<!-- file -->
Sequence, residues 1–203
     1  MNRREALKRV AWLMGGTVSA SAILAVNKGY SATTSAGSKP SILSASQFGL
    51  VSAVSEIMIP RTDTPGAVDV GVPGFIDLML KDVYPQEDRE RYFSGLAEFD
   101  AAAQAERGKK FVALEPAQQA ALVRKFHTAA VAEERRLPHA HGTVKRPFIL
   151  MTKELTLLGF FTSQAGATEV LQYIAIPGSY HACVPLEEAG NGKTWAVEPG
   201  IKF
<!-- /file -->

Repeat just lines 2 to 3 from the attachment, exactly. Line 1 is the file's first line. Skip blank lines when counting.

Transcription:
     1  MNRREALKRV AWLMGGTVSA SAILAVNKGY SATTSAGSKP SILSASQFGL
    51  VSAVSEIMIP RTDTPGAVDV GVPGFIDLML KDVYPQEDRE RYFSGLAEFD